Fetal-Onset Neuroaxonal Dystrophy

Fetal-onset neuroaxonal dystrophy in dogs is a rare inherited neurological disease that occurs in puppies shortly after birth and results in their death. It is thought to be caused by a mutation in the MFN2 gene that plays an important role in mitochondrial fusion.


Puppies with fetal-onset neuroaxonal dystrophy have abnormal neurological development and present with severe symptoms at birth leading to death such as respiratory failure, joint stiffness, scoliosis, pulmonary and cerebellar hypoplasia and swollen axons in the motor nervous system.

Disease Management

Currently, there is no cure for the disease. It is important for breeders to perform genetic testing on parents prior to breeding to identify if they carry the MFN2 gene mutation and prevent it from being passed on to their offspring.

Genetic basis

This disease follows an autosomal recessive mode of inheritance. Autosomal recessive inheritance means that the dog, regardless of sex, must receive two copies of the mutation or pathogenic variant to be at risk of developing the disease. Both parents of an affected dog must carry at least one copy of the mutation. Animals with only one copy of the mutation are not at increased risk of developing the disease, but may pass the mutation on to future generations. Breeding between dogs carrying genetic variants that can cause disease, even if they do not show symptoms, is not recommended.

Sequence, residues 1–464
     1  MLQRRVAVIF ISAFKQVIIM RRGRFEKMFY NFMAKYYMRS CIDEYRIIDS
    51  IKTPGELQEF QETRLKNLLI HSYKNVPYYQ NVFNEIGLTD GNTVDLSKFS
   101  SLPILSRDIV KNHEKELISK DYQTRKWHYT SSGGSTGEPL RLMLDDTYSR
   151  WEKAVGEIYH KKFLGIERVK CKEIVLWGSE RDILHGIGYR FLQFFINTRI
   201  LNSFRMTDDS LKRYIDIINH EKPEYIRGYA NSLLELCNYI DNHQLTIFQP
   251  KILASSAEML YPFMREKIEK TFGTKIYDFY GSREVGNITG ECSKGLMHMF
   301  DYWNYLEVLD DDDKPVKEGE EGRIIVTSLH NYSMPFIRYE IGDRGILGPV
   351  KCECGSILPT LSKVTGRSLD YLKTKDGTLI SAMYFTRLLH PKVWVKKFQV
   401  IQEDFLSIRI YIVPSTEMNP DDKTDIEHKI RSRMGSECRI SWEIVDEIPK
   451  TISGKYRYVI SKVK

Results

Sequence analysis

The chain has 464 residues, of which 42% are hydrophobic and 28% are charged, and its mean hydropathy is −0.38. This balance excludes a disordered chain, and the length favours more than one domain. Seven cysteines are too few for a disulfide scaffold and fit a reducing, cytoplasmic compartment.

Technical report

MFN2 is a gene that codes for the protein mitofusin 2, which is a protein involved in mitochondrial fusion. Mitochondria are organelles that are responsible for energy production in the cell, and mitochondrial fusion is an important process for maintaining the health and proper function of mitochondria. Mutations in the MFN2 gene can cause various mitochondrial diseases, including Charcot-Marie-Tooth type disease, an inherited disease of the peripheral nervous system characterized by degeneration of motor and sensory nerves. The causative variant of fetal-onset neuroaxonal dystrophy in dogs is a 3-bp deletion in exon 14 of MFN2 that was identified by Fyfe et al. in 2011. The c.1617_1619del deletion is thought to lead to the loss of a glutamate residue at position 539 of the protein that is highly conserved in vertebrates and invertebrates.

Most affected breeds

  • Schnauzer-Beagle cros


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